Policies & Procedures

Courses Counted in Graduate Programs

Courses at the 500 level and above are designated as graduate courses at Indiana University. Beginning master's courses are at the 500 level; advanced master's and beginning doctoral courses are at the 600 level; and advanced doctoral courses are at the 700 level. Some 300- and 400-level courses in the College of Arts and Sciences are also approved for graduate credit. These are listed in the University Graduate School Bulletin.

Not all courses listed in this bulletin are offered every year. Inquiries concerning the availability or suitability of a particular course should be directed to the appropriate departmental chairperson.

Transfer Courses

Some graduate course work completed at other universities may be transferred into degree and licensure programs at Indiana University. All course work transferred must be from an accredited college or university. No transfer credit will be given for a course with a grade lower than B. Courses graded P (Pass) may not ordinarily be transferred into education graduate programs. Courses graded S (Satisfactory) may be transferred only if a letter is received from the course instructor stating that the student's performance in the course was at or above a grade of B.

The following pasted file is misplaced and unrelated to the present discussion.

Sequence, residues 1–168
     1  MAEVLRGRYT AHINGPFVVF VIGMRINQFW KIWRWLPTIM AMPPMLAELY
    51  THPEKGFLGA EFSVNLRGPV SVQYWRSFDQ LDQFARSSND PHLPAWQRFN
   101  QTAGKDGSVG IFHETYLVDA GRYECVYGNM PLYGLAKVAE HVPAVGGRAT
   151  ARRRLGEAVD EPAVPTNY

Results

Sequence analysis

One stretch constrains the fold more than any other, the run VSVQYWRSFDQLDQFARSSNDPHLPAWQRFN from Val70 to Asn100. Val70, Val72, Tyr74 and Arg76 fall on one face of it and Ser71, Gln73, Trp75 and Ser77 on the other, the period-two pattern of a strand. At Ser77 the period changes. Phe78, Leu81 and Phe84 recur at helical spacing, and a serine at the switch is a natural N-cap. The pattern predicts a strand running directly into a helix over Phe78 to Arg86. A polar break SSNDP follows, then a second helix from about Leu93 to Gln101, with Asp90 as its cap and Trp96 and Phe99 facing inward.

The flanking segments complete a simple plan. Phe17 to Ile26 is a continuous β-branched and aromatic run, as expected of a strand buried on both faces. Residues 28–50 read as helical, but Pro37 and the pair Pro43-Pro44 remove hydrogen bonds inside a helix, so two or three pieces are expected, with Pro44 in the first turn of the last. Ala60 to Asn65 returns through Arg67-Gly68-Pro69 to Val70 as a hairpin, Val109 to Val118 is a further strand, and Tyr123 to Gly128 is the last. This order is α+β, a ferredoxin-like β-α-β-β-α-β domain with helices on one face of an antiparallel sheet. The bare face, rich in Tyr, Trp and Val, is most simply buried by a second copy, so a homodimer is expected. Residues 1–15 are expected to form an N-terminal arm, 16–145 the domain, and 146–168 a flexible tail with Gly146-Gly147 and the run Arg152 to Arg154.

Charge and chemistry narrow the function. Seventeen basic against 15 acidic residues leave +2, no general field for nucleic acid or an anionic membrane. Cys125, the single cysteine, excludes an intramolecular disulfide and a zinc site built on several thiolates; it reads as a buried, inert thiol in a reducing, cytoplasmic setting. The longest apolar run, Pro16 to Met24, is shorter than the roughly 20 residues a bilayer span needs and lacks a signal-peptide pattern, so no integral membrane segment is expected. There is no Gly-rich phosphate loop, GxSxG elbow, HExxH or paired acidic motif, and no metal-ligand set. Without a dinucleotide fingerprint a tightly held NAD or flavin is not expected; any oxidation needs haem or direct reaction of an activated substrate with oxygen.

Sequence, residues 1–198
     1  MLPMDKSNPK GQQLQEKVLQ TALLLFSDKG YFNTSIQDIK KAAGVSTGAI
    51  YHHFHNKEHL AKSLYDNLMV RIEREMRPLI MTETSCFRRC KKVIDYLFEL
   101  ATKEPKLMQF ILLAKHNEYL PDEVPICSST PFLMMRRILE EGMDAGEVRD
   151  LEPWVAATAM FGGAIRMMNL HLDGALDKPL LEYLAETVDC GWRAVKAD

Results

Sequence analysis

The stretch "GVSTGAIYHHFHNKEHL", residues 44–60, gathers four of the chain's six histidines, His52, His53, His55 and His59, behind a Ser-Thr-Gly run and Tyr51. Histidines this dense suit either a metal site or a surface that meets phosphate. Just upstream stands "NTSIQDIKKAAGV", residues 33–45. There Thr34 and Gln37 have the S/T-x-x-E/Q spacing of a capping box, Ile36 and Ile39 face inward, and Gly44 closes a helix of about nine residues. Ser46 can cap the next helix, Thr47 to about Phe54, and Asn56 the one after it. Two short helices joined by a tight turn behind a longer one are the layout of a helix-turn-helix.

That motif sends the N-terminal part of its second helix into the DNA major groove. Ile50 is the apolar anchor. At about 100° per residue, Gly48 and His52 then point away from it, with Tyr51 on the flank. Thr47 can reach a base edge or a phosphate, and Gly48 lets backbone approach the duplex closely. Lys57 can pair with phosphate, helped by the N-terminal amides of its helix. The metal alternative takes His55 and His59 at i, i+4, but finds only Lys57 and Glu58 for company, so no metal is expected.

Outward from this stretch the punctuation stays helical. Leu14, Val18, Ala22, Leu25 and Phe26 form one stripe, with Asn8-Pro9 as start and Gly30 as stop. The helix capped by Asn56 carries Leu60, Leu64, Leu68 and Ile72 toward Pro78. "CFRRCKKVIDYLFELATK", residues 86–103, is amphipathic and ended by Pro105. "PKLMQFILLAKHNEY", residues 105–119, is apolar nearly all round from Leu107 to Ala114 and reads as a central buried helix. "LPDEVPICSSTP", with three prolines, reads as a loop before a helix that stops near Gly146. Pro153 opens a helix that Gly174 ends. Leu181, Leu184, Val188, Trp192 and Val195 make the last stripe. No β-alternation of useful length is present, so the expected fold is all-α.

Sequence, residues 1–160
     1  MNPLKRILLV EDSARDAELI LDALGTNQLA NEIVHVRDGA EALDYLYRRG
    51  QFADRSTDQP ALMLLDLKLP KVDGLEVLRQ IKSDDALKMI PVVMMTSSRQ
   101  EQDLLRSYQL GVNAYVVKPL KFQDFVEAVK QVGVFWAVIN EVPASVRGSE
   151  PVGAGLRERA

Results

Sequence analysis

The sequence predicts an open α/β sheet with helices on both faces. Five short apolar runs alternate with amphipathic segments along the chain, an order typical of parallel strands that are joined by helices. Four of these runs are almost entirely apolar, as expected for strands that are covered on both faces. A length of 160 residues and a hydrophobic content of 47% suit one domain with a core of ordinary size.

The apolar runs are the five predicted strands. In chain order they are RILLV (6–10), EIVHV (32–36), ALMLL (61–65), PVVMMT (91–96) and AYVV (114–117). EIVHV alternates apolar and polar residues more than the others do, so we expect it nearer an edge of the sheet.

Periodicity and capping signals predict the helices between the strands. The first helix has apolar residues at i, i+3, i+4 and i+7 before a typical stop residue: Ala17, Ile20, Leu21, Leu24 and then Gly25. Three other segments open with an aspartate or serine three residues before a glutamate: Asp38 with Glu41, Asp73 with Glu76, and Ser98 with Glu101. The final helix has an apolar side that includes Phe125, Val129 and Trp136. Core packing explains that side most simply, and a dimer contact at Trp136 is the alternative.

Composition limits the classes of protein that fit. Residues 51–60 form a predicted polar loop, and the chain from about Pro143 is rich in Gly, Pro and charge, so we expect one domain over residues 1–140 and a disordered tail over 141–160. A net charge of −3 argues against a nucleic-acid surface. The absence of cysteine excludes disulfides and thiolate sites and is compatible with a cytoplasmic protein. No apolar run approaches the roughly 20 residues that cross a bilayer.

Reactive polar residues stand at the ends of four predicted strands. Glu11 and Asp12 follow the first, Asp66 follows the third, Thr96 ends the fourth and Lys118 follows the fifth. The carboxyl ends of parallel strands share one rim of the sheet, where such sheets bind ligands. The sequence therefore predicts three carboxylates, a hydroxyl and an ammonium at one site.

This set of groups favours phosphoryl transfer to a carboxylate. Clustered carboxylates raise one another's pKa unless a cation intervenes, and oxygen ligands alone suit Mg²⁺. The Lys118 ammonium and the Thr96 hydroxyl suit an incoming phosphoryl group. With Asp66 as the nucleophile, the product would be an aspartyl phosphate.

All transferred courses must be relevant to the student's program of studies. They must be approved by a program advisor and by the associate dean for graduate studies. An official transcript is required for course work to be transferred. A course description or syllabus may be required in order to judge the appropriateness of course work to be transferred.

Master's degree students must complete a minimum of 27 credit hours of course work at Indiana University. Beyond this, graduate course work may be transferred from other universities. Of the 27 credit hours required at Indiana University, a minimum of 15 credit hours must be earned through the campus awarding the degree.

Specialist degree students must complete 35 credit hours of course work at the Bloomington or Indianapolis campuses of Indiana University. Beyond this, course work may be transferred from other universities or from other IU campuses.